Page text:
You can use
db_dump from the Berkeley
I've used that under Windows-10 by using WSL (Ubuntu) - It can definitely dump an unencrypted Bitcoin
The Berkeley DB libraries used by Bitcoin core for the
wallet.dat are a key-value store - and the keys used appear to be words like "key" and "keymeta".
As far as I know, the structure (if not simple data types) of the key and value are not known to the DB libraries. I believe applications such as Bitcoin core will often be storing blobs whose contents cannot be dissected by general tools which lack knowledge of the applications' schema. The same observations are likely to apply to sqlite browser
db_dump output is a worthwhile step up from a hex dump! The
-da options may be useful.
This PR adds a new class SQLiteDatabase which is a subclass of WalletDatabase. This provides access to a SQLite database that is used to store the wallet records. To keep compatibility with BDB and to complexity of the change down, we don't make use of many SQLite's features. We use it strictly as a key-value store. We create a table main which has two columns, key and value both with the type blob.
We keep the name wallet.dat for SQLite wallets. We are able to determine which database type to use by searching for specific magic bytes in the wallet.dat file. SQLite begins it's files with a null terminated string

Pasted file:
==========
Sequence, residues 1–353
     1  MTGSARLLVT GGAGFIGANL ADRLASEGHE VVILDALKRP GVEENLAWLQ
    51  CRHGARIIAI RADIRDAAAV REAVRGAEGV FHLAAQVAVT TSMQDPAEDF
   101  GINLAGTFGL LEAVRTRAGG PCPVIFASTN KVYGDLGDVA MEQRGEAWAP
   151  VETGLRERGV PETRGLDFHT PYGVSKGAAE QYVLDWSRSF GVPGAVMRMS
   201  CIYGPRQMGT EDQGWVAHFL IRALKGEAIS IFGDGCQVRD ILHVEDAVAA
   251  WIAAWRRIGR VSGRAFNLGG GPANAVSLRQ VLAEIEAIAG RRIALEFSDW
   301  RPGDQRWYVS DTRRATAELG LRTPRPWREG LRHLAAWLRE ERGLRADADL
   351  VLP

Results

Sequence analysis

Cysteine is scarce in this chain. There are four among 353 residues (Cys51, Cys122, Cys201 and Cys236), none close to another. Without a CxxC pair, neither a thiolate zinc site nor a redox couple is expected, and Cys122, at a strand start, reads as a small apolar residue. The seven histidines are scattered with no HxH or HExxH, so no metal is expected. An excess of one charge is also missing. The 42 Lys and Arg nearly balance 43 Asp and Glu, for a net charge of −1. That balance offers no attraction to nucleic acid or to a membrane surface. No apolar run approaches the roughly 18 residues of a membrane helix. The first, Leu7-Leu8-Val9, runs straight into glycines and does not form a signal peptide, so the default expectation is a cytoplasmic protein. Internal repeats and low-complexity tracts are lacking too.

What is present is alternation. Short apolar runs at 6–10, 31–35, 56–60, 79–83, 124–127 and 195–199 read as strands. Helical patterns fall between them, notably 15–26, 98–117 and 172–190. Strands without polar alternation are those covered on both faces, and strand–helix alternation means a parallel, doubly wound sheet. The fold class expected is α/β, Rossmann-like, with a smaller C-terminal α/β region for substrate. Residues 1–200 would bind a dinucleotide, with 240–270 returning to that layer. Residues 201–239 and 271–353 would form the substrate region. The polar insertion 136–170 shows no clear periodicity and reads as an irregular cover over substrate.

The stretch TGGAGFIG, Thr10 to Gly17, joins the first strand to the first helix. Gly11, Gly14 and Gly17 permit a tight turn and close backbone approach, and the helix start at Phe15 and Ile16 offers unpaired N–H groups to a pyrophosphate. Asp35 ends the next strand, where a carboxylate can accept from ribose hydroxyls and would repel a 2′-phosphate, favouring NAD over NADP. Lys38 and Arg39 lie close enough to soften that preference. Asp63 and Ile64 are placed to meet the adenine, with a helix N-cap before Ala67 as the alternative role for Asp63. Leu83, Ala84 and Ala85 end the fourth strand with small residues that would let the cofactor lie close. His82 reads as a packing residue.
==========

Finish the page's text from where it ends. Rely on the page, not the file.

SQLite format 3. BDB has
0x00053162 at byte 12 (note that the byte order of this integer depends on the system endianness). So when we see that there is a wallet.dat file that we want to open, we check for the magic bytes to determine which database system to use.
I'm using current Bitcoin core 0.21.0, but the wallet I examined was first generated in 2018 and has the Berkeley DB (BDB) signature. Bitcoin core has not rewritten the file in a newer/different format.
https://github.com/bitcoin/bitcoin/issues/20160 provides a timeline for the phasing out of Berkely DB (which obviously affects the contents of this answer)
My brief examination of a wallet.dat backup using a hex-dump suggested that the wallet mostly contains private keys, addresses generated and some sparse metadata about each.
wallet.dat contains your private keys, your address book, a copy of the transactions that send coins from or to one of your addresses, accounts, reserve keys, personal settings, and a pointer to the current best block.
(Note: Bitcoin core's "accounts" feature was deprecated some years ago)